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Amino Acids. 1998;14(1-3):57-62.

Role of excitatory amino acids in the regulation of dopamine synthesis and release in the neostriatum.

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  • 1Department of Neuroscience, University of Pittsburgh, PA 15260, USA.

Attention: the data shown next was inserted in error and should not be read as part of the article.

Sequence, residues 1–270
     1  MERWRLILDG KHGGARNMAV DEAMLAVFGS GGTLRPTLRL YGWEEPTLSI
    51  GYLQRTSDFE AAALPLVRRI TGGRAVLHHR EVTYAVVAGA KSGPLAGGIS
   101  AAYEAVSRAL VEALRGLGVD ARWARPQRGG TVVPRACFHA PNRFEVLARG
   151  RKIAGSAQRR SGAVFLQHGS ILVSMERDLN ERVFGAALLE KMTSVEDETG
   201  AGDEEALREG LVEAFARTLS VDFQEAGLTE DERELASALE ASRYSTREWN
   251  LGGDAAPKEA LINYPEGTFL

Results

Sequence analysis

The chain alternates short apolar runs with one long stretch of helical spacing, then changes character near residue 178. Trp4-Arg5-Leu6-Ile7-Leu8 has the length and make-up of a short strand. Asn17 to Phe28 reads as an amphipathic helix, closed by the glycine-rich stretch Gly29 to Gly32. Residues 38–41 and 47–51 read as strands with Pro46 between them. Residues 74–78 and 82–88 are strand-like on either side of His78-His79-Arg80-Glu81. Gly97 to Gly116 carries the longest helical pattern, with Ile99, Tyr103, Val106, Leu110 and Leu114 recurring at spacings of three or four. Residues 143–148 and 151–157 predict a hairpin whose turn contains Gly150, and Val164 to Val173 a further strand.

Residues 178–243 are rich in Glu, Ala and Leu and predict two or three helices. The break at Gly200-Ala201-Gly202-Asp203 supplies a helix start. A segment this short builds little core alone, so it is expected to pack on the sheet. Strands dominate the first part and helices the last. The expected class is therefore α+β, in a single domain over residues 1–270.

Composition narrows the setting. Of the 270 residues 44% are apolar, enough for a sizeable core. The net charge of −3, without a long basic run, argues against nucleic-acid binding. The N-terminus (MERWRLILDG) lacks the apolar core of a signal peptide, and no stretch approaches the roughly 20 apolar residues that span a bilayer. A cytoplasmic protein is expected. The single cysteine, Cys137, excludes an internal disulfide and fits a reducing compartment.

We have explored the role of excitatory amino acids in the increased dopamine (DA) release that occurs in the neostriatum during stress-induced behavioral activation. Studies were performed in awake, freely moving rats, using in vivo microdialysis. Extracellular DA was used as a measure of DA release; extracellular 3,4-dihydroxyphenylalanine (DOPA) after inhibition of DOPA decarboxylase provided a measure of apparent DA synthesis. Mild stress increased the synthesis and release of DA in striatum. DA synthesis and release also were enhanced by the intra-striatal infusion of N-methyl-D-aspartate (NMDA), an agonist at NMDA receptors, and kainic acid, an agonist at the DL-alpha-amino-3-hydroxy-5-methyl-4-isoxazole-4-propionate (AMPA)/kainate site. Stress-induced increase in DA synthesis was attenuated by co-infusion of 2-amino-5-phosphonovalerate (APV) or 6-cyano-7-nitroquinoxaline-2,3-dione (CNQX), antagonists of NMDA and AMPA/kainate receptors, respectively. In contrast, intrastriatal APV, CNQX, or kynurenic acid (a non-selective ionotropic glutamate receptor antagonist) did not block the stress-induced increase in DA release. Stress-induced increase in DA release was, however, blocked by administration of tetrodotoxin along the nigrostriatal DA projection. It also was attenuated when APV was infused into substantia nigra. Thus, glutamate may act via ionotropic receptors within striatum to regulate DA synthesis, whereas glutamate may influence DA release via an action on receptors in substantia nigra. However, our method for monitoring DA synthesis lowers extracellular DA and this may permit the appearance of an intra-striatal glutamatergic influence by reducing a local inhibitory influence of DA. If so, under conditions of low extracellular DA glutamate may influence DA release, as well as DA synthesis, by an intrastriatal action. Such conditions might occur during prolonged severe stress and/or DA neuron degeneration. These results may have implications for the impact of glutamate antagonists on the ability of patients with Parkinson's disease to tolerate stress.

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